WalkScore meets Seaside. Hilarity Ensues

Planning and Urban Design folks will recognize this illustrative plan of Seaside, Florida.  Designed by Andres Duany and Elizabeth Plater-Zyberk and developed by Robert Davis.  A place built to demonstrate that narrow slow speed streets lined with straightforward buildings could be a built in modern times.  Seaside is a well known iconic project for the New Urbanism.  After a couple decades the project is still not completed and continues to evolve.

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The brick streets are 18 feet wide, flanked by parallel parking on crushed oyster shells.  The streets deflect or terminate every 300-500 feet and people casually walk in the streets with vehicles creeping along occasionally outside of the town center which has generous sidewalks in front of the shops and restaurants.

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There is a network of pedestrian pathways at the interior of the blocks.  When my kids were young they loved the place and knew every shortcut.seaside 2

So what happens when you use WalkScore to check out this incredibly walkable place with a chapel, parks, bike rental, a school and soccer field, music venues, a postoffice, restaurants, a wine bar, an art supply store, bookstore, and lots of shops, galleries, cafes, and a small grocery?  You get a very comical result.  Because Seaside does not have formal sidewalks or bike lanes outside of County Road 30A and the Town Center, it has a low WalkScore (48 out of 100).  Walk score figures this is a Car Dependent neighborhood.  If you have ever strolled the long way back to your rented cottage wandering your way back from a swell meal at Bud and Alley’s down the middle of the brick streets you will probably find the WalkScore to be hilarious.

Seaside demonstrates that it is possible to calm traffic on local streets to the point where folks driving a vehicle are acutely aware that they are in a place where pedestrians and bikes are the order of the day and that vehicles must drive very slowly.  That level of careful design and pragmatic construction is on a completely different level from the metrics that feed into the WalkScore Algorithm.  Don’t get me wrong.  WalkScore is great for people who have a hard time recognizing a walkable place without the help of a real estate agent…. (-or you could go walk around and see the place for yourself).

 

53 Seaside Avenueseaside walkscore is 48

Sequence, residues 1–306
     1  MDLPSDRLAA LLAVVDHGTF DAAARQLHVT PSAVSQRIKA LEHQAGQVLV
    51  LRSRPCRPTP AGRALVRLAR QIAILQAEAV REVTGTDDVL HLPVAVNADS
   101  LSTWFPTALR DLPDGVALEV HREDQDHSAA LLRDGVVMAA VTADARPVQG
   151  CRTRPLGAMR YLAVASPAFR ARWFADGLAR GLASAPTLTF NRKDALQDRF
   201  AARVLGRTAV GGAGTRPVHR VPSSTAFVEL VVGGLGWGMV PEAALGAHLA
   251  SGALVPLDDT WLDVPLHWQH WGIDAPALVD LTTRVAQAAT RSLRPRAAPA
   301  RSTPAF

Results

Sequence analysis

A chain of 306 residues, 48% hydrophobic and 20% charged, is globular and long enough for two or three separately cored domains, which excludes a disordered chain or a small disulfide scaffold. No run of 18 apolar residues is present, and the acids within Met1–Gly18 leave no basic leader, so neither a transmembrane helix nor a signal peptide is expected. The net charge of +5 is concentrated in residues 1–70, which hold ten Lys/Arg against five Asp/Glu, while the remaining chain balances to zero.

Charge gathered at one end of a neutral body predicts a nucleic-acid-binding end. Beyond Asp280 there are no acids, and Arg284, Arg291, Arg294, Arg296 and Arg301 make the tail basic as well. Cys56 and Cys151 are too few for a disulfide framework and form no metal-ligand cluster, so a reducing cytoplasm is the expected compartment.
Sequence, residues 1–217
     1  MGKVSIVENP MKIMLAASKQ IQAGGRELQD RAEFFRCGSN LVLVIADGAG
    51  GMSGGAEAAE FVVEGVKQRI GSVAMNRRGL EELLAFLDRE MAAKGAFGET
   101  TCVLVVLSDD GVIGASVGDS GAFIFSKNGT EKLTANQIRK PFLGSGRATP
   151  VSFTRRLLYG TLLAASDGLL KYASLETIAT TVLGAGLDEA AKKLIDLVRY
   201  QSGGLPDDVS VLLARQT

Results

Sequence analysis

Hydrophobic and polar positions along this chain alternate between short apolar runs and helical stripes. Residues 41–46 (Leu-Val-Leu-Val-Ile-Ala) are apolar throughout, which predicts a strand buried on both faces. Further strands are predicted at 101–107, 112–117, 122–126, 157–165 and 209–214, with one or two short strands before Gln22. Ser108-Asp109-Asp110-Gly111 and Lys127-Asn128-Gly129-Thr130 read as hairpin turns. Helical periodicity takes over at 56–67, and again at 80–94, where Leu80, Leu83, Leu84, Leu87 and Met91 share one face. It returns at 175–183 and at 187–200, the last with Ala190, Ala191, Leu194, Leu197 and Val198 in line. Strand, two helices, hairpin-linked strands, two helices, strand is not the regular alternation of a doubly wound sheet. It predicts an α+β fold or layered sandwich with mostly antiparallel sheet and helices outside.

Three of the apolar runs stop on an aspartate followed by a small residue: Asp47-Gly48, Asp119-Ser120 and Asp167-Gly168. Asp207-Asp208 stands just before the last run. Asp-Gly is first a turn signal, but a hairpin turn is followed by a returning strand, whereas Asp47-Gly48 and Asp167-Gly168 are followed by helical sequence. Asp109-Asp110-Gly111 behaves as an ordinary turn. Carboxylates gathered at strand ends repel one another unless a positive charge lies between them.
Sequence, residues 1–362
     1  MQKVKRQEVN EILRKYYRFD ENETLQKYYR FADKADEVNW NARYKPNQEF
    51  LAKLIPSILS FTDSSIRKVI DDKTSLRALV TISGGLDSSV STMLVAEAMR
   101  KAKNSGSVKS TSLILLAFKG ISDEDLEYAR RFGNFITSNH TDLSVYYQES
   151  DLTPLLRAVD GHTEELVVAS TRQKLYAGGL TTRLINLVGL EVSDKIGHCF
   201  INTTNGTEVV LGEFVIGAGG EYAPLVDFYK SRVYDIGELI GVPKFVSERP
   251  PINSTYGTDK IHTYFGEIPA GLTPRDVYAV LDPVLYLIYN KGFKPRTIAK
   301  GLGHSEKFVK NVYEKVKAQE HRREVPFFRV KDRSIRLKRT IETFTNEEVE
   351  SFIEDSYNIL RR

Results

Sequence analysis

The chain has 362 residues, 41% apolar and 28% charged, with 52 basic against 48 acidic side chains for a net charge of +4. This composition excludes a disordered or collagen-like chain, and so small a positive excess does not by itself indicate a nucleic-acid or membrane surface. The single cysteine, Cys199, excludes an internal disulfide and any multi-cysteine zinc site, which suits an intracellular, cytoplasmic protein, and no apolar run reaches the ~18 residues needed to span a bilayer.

Helping Your City Go Broke When You Know Better is Borderline Criminal

18 x 60 shot gun cottage for Columbus

Do you know where your town comes up with the money needed to repave streets, expand the sewer plant, pay cops, firefighters, teachers, bus drivers?  Most municipalities rely upon a combination of sales tax, utility bills, impact fees on new development, and the big reliable source of money for the General Fund and Capital Projects; property taxes.  Property taxes are assessed according to the value of the buildings on a parcel  The more a building is worth, the more taxes the building owner pays.  Once a building is built, there is a good chance that it will be the basis of the property taxes that will be collected for a very long time.  It makes sense for a municipality to know how much taxable value per acre a given pattern of development yields, since there is only so much serviced developable land within its borders.  Joe Minicozzi of Urban3 does a good job of explaining this fairly obvious math in this video .

The straightforward little two bedroom cottage above is proposed on a 37.5′ X 135′ lot  in city with a minimum lot width of 50 feet.  There are lots of existing platted lots with water and sewer taps in an established and desirable neighborhood that are less that 50′ wide.  A vacant lot in the neighborhood pays about $70 a year in property taxes.  Removing the minimum lot dimension from the local zoning code would make it possible to build modest houses like the one shown above, but like many places, the city foolishly decided to downzone its established neighborhoods a couple decades ago.  That downzoning in favor of a more suburban model damaged their tax base.  There are roughly eight 37′ X 135′ lots in an acre.  If this little two bedroom cottage sold for $135,000 X 8 lots to the acre, the result is $1,080,000 in taxable value per acre.  Compared with the taxable value per acre of the biggest fanciest Super WalMart in the same zip code at $520,000 per acre.

When a developer builds a shopping center of residential subdivision these days, it is fairly typical for the developer to turn ownership the new streets, sewers and other utility infrastructure over to the municipality.  If the taxable value of the new development does not produce enough money to pay for the repaving of the street or the repair and replacement of the other infrastructure when it wears out, this turns out to be a lousy deal for the municipality.  The developer has essentially given the municipality a free great dane puppy.  Unless that dog gets a job, it will be a long term financial drain.

Getting senior staff and elected leadership to recognize the looming cost of replacing and repairing infrastructure in parts of the city that cannot pay their way is going to be difficult. Coming to terms with this structural and systemic failure cannot be done with short term impact fee patches. The problem is bigger and more expensive than what can be laid off on new buildings. The source of the problem comes from building a place with the wrong pattern of development over decades. If you build in a way that spreads civilization too thinly, (Auto-only Sprawl) what gets built cannot support the repaving of roads or the repair and replacement of other infrastructure, let alone paying for cops, fire fighters, schools, parks, libraries, and public health services. If towns and cities create big backlogs in infrastructure repair that they cannot pay for, the financial burden becomes so great that people elected to two or four year terms end up just ignoring the problem and resisting any effort to do the honest math that will force folks to face how much taxes are going to have to be increased to cover the repair and replacement costs that are coming down the line.  This is big money with big consequences.